My last visit, the manager confirmed, was March 10, 2020. Finally, I am “back in the old routine,” still on the three-day-a-week plan but building the old habit into a new schedule.
“Start over, my darling. Be brave enough to find the life you want and courageous enough to chase it. Then start over and love yourself the way you were always meant to,” — Madalyn Beck.
We join health clubs out of the need for ritual, routine, and feeling healthy
We go to health clubs to get healthier, and it’s hard to feel “healthy” in a surgical mask. So many stayed away from gyms throughout the pandemic.
I can’t afford the fortune our well-off friends pay to join Detroit’s top health clubs, places like the opulent Detroit Athletic Club. And I’m not out for the cheapest Planet Fitness either.
I prefer clubs with all the amenities to make you feel like you’re doing things you can’t do in your basement, so Hamburg Fitness won my vote for its amenities (pools, pickleball, racketball courts, and a top-notch locker room).
We also join clubs to feel “in the club rich,” and it’s hard to feel “rich” if all the luxurious amenities (like hot tubs and saunas) are shut down (as they were for much of the pandemic). We also join clubs to develop regular rituals and routines, which also went away in 2020.
A year of pandemic restrictions and lockdowns made us crave the rituals of routine, habits, and people we could count on. We didn’t stop going to the gym because of any fear of disease. It was the loss of little rituals and routines (that finally now seem to be back), things like:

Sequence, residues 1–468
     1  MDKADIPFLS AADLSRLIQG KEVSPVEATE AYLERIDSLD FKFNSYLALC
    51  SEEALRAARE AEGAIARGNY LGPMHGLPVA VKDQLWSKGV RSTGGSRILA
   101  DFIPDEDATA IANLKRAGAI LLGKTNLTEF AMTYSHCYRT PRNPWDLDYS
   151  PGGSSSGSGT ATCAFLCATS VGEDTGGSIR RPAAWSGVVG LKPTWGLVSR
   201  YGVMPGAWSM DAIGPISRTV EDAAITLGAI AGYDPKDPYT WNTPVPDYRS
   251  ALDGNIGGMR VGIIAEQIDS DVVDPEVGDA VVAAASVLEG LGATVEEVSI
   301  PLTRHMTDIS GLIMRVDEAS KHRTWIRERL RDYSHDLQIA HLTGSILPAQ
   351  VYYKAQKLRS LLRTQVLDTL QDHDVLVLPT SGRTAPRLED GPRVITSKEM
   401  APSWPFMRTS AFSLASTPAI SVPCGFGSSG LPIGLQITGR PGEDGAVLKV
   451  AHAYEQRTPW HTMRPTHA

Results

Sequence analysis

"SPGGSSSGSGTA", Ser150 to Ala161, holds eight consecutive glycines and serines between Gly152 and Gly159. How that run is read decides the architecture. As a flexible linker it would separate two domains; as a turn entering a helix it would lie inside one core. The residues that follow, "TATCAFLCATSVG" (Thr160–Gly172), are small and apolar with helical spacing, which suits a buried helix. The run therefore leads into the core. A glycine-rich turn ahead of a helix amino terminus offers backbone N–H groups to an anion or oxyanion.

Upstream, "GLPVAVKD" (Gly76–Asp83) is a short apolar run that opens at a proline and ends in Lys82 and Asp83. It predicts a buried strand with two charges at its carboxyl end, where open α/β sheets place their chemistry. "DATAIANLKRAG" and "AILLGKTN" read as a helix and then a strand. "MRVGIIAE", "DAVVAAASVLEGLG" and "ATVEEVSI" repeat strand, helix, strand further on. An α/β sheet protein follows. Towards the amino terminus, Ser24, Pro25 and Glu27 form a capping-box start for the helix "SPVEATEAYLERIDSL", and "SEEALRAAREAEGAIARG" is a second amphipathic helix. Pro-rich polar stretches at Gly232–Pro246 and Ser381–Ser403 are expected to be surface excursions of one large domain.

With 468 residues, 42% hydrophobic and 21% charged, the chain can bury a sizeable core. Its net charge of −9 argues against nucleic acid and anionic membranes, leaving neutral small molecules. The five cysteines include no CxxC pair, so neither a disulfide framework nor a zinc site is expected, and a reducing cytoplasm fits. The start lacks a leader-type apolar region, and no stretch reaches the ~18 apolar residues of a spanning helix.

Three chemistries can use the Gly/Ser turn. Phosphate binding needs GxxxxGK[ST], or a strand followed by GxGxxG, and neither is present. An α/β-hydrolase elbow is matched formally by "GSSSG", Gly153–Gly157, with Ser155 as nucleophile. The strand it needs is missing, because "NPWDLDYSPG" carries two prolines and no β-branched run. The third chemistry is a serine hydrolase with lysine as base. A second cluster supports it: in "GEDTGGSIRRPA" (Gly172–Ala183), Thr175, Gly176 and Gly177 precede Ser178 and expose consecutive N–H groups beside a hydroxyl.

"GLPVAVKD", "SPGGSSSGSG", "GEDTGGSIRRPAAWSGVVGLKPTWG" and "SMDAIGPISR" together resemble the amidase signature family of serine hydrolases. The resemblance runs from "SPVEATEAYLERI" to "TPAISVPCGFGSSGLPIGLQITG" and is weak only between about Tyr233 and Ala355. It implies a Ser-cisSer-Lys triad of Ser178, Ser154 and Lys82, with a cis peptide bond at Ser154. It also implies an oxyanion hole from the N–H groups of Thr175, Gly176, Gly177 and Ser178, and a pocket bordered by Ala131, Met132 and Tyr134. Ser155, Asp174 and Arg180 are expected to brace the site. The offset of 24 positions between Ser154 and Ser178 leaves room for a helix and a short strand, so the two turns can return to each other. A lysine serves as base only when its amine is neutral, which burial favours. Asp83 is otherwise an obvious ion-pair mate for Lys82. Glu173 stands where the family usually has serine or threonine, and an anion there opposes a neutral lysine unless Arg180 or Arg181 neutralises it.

- Arriving at “just the right time” so you can get one of the tall luxurious wooden lockers (on the aisles) reaching from floor to ceiling rather than the numerous, more common half lockers where you stuff all your clothes in a pile.
- Working out on the machines and weights without being required to wear a mask.
- Getting in the hot tub and the sauna, sweating away the worries and calories you carried around for no good reason.
- Showering, using the club hairdryers and scales, and getting dressed again feeling a little fresher, cleaner, and lighter (less weighty even if it’s only a few calories) than when you walked in.
All that went away for a year.
So, like many, I wound up replacing the gym with daily walks and hikes and was astounded to find angry and stressed-out people, and “sidewalk rage” is suddenly a “thing,” even on the most isolated Lakeland Trail in rural Hamburg Twp.
We put off anything that makes us uncomfortable that we aren’t “ready to deal with,” so I put off doing our taxes for months (expecting to get hit with a big liability when it was really just fine). Your worst fears seldom occur (it’s always the unexpected that jolts you more).
Back at the gym, there are more cleaning fluids with reminders to wash everything before and after your workout to purify your machines while improving your body. And that’s fine.
“The human body is the best work of art,” author Jess C. Scott argues, adding, “A fit, healthy body — that is the best fashion statement.”